You only get one chance to file for Social Security, so what happens when you don’t get it right? You have a couple options, but its important to learn the limitations of each.
Many factors go into deciding when to file for Social Security, and what age you choose to file for benefits is arguably the most important decision you make. If you think you filed to early, it may be worth considering a redo. This chart shows full retirement age depending on your birth year, and the benefits boost (or cut) you’ll see.
|START COLLECTING AT:||FULL RETIREMENT AGE OF 66||FULL RETIREMENT AGE OF 67|
Claiming at 62 means your benefits will be cut between 25% and 30%, and that reduction is permanent. On the flip side, waiting until after your FRA means you’ll get a nice boost to your benefits up to age 70.
While everyone’s situation is different, this chart shows how your one chance to apply for benefits can mean a big swing in your monthly income from Social Security. So let’s look at some of your options for pausing, or stopping, your benefits if you don’t like what foot you started off on.
How a Social Security Withdrawal of Application Works
Your first option is what’s called a Social Security withdrawal of application, and it has a very limited time frame. You only have 12 months from the time you initially applied for benefits to withdraw your claim.
It isn’t hard to apply for withdrawal, though. You just have to fill out a SSA-521 application to get the ball rolling. Just because it’s easy to withdraw, though, doesn’t mean you should necessarily be applying for Social Security benefits without doing some preliminary research.
“You need to make the decision on purpose, rather than by accident,” MassMutual Social Security expert David Freitag told CNBC.
But we can’t predict the future, and there’s nothing wrong with withdrawing your application because things change.
Taking Social Security early is something to consider if you are in dire straits or poor health because it could help you get out of a financial hole or give you more time to enjoy your benefits if you aren’t expected to live long. But maybe your situation changes, or your health improves, which means you can hold off on collecting and let your benefits grow a little longer.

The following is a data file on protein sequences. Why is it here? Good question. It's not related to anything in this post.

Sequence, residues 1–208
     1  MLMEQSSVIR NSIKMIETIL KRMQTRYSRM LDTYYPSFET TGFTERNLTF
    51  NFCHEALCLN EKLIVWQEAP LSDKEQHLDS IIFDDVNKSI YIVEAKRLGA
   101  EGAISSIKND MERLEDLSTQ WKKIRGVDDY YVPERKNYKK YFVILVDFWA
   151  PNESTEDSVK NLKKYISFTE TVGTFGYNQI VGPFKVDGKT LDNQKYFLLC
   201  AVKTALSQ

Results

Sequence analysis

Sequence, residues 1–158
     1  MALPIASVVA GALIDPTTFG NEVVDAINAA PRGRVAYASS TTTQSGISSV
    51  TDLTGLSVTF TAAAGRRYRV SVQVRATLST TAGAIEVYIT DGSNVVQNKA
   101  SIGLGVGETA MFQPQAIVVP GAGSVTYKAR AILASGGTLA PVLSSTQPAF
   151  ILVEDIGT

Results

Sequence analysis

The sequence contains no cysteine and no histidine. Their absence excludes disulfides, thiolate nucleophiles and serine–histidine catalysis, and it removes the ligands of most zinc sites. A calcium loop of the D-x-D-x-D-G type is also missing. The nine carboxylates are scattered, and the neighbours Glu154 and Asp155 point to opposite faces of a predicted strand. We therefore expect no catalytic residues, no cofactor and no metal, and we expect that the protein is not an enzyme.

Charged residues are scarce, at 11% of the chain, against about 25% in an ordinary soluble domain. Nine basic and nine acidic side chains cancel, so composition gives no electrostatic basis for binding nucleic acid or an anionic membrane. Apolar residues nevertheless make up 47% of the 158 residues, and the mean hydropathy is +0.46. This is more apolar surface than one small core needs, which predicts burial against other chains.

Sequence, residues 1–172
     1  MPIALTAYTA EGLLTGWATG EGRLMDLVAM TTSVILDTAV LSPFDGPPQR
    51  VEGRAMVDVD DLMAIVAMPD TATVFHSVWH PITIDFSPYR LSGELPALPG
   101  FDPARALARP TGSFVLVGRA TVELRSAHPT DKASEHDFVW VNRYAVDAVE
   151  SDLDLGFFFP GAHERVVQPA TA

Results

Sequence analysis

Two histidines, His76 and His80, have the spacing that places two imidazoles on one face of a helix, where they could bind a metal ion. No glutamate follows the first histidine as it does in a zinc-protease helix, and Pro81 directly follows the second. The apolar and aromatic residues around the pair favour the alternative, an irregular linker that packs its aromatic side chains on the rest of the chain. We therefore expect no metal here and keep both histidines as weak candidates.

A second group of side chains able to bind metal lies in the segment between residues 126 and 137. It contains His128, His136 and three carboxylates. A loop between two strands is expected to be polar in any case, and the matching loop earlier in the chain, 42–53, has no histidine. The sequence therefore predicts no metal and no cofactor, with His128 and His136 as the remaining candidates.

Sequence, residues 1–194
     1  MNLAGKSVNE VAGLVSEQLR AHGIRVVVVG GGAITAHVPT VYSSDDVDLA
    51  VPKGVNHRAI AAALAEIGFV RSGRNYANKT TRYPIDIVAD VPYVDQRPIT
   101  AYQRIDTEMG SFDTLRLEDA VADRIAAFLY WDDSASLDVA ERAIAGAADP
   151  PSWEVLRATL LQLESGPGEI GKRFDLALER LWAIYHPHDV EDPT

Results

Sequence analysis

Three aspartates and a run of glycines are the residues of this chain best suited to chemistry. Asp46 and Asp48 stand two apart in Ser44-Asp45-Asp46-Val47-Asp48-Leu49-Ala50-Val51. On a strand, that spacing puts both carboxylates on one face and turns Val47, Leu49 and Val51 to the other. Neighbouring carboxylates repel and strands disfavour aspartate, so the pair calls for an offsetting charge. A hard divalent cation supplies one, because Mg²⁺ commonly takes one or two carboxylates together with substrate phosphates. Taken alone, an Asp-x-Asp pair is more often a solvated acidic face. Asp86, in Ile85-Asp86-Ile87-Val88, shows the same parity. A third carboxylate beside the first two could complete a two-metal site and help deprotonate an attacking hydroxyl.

One major pitfall to withdrawing is that you will have to pay back any benefits you have already received from the program, and that includes any spousal or dependent benefits your spouse or children received as well.
The big kicker is it has to be paid back in one lump sum.
“You can’t do it with a Visa card,” Freitag said. “You have to write a check and pay it back, and that’s very difficult for people to do, particularly when you’re talking about sizable amounts of money.”
It could amount to a hefty chunk of change if you withdraw your benefits closer to the 12-month deadline. If you were receiving the Social Security Administration’s monthly average of $1,503 per month, that would mean having to pay back $18,036 for 12 months of benefits.
Medicare coverage can also be withdrawn, but it’s not a requirement when you end your Social Security benefits. You won’t be automatically enrolled in Medicare at 65, though, if you withdraw from Social Security before then.
Suspending Social Security Benefits
If you don’t want to place a full-stop on your Social Security and reapply at a later date, you may want to consider suspending your benefits. This can be especially helpful if you have already passed the 12-month withdrawal deadline.
You can suspend your benefits by calling or writing to the SSA, but you can only do it if you are at or beyond your full retirement age. Those benefits will restart automatically when you reach 70, or you can contact the SSA to resume receiving benefits again at any time. Any supplementary benefits for spouses or dependents will be suspended as well.
Suspending in this way can help you receive more retirement income credits, which will boost your overall benefits as well.
Knowing some of the limitations of cancelling your Social Security benefits can help you in crafting a retirement savings plan that works for you. Of course, you should consider talking to your financial adviser before making any decision like stopping your Social Security benefits.
• You can find all of the latest and most important news about Social Security here on Money and Markets.
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